Source: The New Republic
The Ministry of Gender and Development has said there are 2,652 cases of domestic violence since the Convention on the Elimination of all Forms of Violence against Women was signed into law. Making the assertion Monday July 7, 2014 during a one-day media awareness working session on the draft domestic bill with journalists at the Ministry, Madam Annette Kiawu, Deputy Minister for Technical Services, said the figure of rape leads with 900 on domestic crime-related list covering the period of 2009 to 2013.

The Deputy Minister, who is calling on the media to help provide the platform for citizens both in rural and urban communities in the country to see the need for the passage of draft bill, said the document is a legal framework developed to address the issues of domestic violence in the country.

She said categories of domestic violence, which include fighting, kicking, knocking on another person within the family that could end up hurting the body, sexually, mental imbalance or other sufferings and pains to women, men and children, are divided into physical, emotional and economic abuses.

The draft bill defines physical violence verbal and psychological.

Physical violence, according to the draft bill, is doing something to someone or putting fear in someone to do something bad; while emotional abuse is a situation where a person calls other person funny names, or stops another person from doing things freely.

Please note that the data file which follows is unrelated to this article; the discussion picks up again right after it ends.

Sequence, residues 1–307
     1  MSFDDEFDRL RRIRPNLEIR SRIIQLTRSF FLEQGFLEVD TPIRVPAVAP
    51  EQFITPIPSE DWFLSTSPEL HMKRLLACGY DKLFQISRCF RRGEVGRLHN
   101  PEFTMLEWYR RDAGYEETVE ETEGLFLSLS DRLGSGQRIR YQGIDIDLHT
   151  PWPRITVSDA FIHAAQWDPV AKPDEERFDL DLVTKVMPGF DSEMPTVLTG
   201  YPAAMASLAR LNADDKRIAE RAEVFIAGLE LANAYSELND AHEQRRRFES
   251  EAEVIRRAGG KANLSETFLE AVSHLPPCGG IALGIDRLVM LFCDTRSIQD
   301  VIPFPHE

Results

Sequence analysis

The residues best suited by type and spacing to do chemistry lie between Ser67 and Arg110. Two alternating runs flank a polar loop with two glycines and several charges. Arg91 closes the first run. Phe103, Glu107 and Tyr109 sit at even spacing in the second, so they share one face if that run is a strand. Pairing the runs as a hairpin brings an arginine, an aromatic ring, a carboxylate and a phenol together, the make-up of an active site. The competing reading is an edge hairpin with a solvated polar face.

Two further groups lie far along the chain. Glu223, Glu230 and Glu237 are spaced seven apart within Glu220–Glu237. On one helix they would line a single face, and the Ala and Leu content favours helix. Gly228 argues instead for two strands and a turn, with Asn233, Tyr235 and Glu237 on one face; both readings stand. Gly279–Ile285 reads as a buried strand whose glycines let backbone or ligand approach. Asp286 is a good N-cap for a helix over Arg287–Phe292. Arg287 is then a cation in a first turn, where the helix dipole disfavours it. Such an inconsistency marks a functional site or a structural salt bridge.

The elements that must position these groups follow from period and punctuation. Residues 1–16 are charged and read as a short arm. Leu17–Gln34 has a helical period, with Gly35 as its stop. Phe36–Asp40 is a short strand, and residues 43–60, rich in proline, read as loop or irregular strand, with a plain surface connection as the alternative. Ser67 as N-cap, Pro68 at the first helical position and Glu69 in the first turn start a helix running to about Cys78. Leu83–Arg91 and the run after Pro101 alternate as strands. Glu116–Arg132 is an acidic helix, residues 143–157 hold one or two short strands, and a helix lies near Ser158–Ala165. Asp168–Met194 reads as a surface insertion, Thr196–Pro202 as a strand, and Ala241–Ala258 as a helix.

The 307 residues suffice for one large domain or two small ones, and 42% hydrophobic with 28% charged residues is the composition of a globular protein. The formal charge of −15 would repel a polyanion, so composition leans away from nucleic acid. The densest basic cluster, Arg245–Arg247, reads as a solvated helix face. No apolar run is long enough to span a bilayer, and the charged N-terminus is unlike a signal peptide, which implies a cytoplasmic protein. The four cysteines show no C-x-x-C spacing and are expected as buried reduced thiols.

"Economic abuse means denying somebody money or other things that are supposed to be for that person under the law for life and protection, or denial of basic resources due to conflict," Madam Kiawu added.

She pointed out abandonment, persistent non-support, physical assault, harmful traditional practice as the least recorded by the Ministry of Gender and Development.

At the end of the session, journalists were formed into a network for gender-sensitive reporting.

The 'union' of Journalists suggested a number of recommendations. One of the recommendations proffered is engagement with national lawmakers and their constituents to continually educate or remind them about the essence of the document to create awareness to enhance the passage of the draft bill.

The Gender & Development official outlined that the draft bill, and noted that when enacted into law, the document will create a legal platform to address issues relative to domestic violence and help make the society better for men, women and children.

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